– If you’re considering buying or selling right now or in the next 6 months, ask questions (you could start by asking me) – there are a lot of moving parts in today’s market and every life situation is different. There is no one answer “buy now!” “sell now!”

– Confidence is an individual concern; market sentiment is one thing, but “will I be employed next year?” is something only you can answer. But … the Charlottesville MSA Unemployment Rate remains relatively low. The underemployment rate? Different conversation.

Charlottesville, Virginia Metropolitan Unemployment Rate and Total Unemployed | Department of Numbers.jpg

Cost of Buying a Home Affects Confidence & Purchasing Decisions


Think about this; as interest rates go up, so does the cost to buy (and own) a home, only for Principal and Interest (not including Taxes and Insurance):

– Loan amount of $300k. Interest rate of 3.5% = monthly payment of $1,347.13
– Loan amount of $300k. Interest rate of 4.5% = monthly payment of $1,520.06

A difference of $172.93 – That’s real money. Grocery money, gas money, vacation money.

On the confidence matter, the NAR succinctly states:

A confluence of factors tempered REALTOR® optimism: higher mortgage rates, rapid price gains amid a slow economic recovery, lack of inventory in many areas, and stringent credit conditions.

Well said.

Buyers are frustrated –

– Interest rates are rising

– Many are able to sell their existing homes, but those who want to buy (and have wanted to buy for a while) are finding that Quality Inventory remains low. (I’ll touch on inventory in my next post). Buyers aren’t buying property because they want to buy a property, they’re looking to buy homes.

– Sellers – if you want to sell, price right and make your home as close to perfect as possible.

Mortgage Rates - Today_s Home Loan Rates and Trends | Zillow

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Looking Back at 6 Things in Charlottesville – #6 – Apartments

Crane at West Main Plaze in City of Charlottesville

In January I mentioned 6 things that we should watch in 2013 – inventory, home prices, distressed sales, confidence, buyer frustration and apartments. Being nearly September, I figured it a good time to look back at where these things stand. I’m going to be looking at these six things over the next few weeks. Starting with Apartments.

Apartments – there are going to be a lot more available in 2013 and 2014. A few of the new complexes: Arden Place (Rio Road), The Pavilion at North Grounds (Millmont/UVA), Stonefield Commons (Hydraulic & 29), The Reserve at Belvedere (Rio), the Plaza on West Main (UVA), City Walk (Downtown – more on the Coal Tower). As I said, a lot more apartments will be coming on the market soon.

City Walk is taking shape, the Plaza on West Main is moving fast, The Pavilion at North Grounds has people moving in (and presumably Sedona Taphouse is loving life), Arden Place and Stonefield Commons are leasing.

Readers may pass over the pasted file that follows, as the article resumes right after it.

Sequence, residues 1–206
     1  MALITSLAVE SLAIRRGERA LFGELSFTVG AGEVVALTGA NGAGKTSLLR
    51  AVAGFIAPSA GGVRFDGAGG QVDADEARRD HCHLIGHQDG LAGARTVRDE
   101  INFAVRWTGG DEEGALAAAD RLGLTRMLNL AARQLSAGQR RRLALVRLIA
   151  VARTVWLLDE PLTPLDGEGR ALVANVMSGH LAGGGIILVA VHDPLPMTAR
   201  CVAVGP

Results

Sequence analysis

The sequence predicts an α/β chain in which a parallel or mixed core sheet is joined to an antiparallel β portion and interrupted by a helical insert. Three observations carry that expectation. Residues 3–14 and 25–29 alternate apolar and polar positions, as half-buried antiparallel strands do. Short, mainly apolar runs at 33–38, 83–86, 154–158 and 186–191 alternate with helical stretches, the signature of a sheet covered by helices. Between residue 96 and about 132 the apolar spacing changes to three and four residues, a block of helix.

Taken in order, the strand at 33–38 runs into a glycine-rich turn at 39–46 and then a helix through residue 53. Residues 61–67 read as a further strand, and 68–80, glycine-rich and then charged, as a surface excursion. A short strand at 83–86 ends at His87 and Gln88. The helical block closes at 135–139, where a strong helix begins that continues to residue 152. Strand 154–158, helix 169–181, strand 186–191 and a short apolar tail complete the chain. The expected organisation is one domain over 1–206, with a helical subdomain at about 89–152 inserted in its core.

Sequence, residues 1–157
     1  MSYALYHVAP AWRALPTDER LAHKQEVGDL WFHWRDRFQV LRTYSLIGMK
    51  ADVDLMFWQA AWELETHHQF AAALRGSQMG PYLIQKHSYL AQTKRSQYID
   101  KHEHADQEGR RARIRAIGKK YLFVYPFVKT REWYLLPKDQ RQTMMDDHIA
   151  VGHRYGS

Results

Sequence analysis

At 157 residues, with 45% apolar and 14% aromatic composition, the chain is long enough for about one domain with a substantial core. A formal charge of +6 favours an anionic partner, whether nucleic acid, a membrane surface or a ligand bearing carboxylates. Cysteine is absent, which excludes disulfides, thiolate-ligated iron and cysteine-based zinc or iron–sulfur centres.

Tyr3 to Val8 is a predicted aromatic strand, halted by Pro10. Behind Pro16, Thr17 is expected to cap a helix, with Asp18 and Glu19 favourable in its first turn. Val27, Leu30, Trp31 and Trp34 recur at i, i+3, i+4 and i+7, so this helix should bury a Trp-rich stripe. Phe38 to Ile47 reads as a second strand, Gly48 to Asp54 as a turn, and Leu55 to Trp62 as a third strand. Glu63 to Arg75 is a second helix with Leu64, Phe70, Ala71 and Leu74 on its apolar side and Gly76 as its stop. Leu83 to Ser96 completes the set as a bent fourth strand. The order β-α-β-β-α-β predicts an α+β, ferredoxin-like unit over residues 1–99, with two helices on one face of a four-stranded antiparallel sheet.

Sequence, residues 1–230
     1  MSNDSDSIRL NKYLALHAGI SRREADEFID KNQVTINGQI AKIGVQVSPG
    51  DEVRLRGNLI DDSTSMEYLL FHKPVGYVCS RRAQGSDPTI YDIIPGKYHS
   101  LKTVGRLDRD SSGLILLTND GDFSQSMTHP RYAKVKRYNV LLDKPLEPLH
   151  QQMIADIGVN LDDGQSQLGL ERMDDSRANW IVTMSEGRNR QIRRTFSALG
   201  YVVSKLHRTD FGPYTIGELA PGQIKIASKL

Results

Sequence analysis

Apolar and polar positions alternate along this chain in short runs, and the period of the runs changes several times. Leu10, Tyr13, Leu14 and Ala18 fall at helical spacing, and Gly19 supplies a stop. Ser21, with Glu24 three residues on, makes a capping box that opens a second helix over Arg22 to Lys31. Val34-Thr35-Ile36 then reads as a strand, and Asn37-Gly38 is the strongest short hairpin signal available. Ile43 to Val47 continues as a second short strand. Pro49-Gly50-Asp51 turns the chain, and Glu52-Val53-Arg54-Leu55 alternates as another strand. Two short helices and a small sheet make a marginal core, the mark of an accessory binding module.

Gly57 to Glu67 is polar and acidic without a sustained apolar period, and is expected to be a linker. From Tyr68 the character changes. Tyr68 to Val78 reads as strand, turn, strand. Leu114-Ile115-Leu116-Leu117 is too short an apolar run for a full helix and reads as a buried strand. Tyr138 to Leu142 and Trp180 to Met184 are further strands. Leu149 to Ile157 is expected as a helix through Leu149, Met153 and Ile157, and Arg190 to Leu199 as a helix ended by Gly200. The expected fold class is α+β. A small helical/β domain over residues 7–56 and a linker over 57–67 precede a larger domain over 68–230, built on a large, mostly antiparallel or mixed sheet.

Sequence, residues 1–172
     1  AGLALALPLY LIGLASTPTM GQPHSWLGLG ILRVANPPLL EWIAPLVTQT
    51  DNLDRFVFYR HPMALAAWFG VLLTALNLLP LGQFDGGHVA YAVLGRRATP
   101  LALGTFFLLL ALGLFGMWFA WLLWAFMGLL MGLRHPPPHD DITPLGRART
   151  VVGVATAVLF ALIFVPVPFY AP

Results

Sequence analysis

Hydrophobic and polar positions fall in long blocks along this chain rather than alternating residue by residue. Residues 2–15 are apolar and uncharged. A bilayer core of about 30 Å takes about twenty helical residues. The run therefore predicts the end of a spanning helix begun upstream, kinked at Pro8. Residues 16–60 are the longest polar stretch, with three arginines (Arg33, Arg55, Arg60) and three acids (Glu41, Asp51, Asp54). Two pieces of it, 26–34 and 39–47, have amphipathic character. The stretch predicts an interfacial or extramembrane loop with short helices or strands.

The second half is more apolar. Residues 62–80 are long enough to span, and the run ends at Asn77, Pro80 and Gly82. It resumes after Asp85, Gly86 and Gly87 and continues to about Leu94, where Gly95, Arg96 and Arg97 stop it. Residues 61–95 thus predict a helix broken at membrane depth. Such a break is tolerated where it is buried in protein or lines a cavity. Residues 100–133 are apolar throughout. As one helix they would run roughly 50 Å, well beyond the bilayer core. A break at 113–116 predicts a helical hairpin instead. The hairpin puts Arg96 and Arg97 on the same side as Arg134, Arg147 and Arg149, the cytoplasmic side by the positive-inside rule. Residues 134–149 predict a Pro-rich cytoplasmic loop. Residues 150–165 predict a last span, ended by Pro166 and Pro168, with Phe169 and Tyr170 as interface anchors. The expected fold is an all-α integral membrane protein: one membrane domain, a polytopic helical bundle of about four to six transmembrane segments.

And …

Another 192 apartments will be coming to West Main Street directly across from the Plaza on West Main – called “The Standard” :

“We’re proposing a new multifamily apartment complex and we’re working now on a design that will cater to the surrounding uses of the university and the hospital,” said Jason Doornbos, vice president of development for Georgia-based Landmark Properties.

And …

Another 56 units are proposed for 10th and Market Streets Downtown:

In all, the developers have proposed 56 units and 20,000 square feet of commercial space on the ground and first floors. A structured parking garage with 100 spaces is also planned underneath the building.


The ramifications for bringing all of these are apartments at pretty much the same time … staggering. The first few thoughts and questions that come to mind:

– To my mind, this is confirmation that the 0-5 Buyer is GONE. The buyer who would move to Charlottesville, buy and then sell in under 5 years: thing of the past. (really, read that story if you’re interested in this trend)

– If you’re looking to buy an investment property in the City, you would probably be advised to think about the competition against which you’ll be renting.

– Transportation. I really hope these new developments actively promote bicycling and walking as opposed to being purely car-centric. Adding about 1,000 new apartment units in the City of Charlottesville will presumably add a commensurate number of vehicle/pedestrian/bicycle trips.

– Where are these people working? UVA? Startups? Restaurants?

– Will any be designated “affordable”? And whose definition of “affordable” applies?

– Parking. Each of the two new proposed developments above seem to have about a 2 to 1 ratio for spots to units; presumably the commercial development will use some of these spaces as well.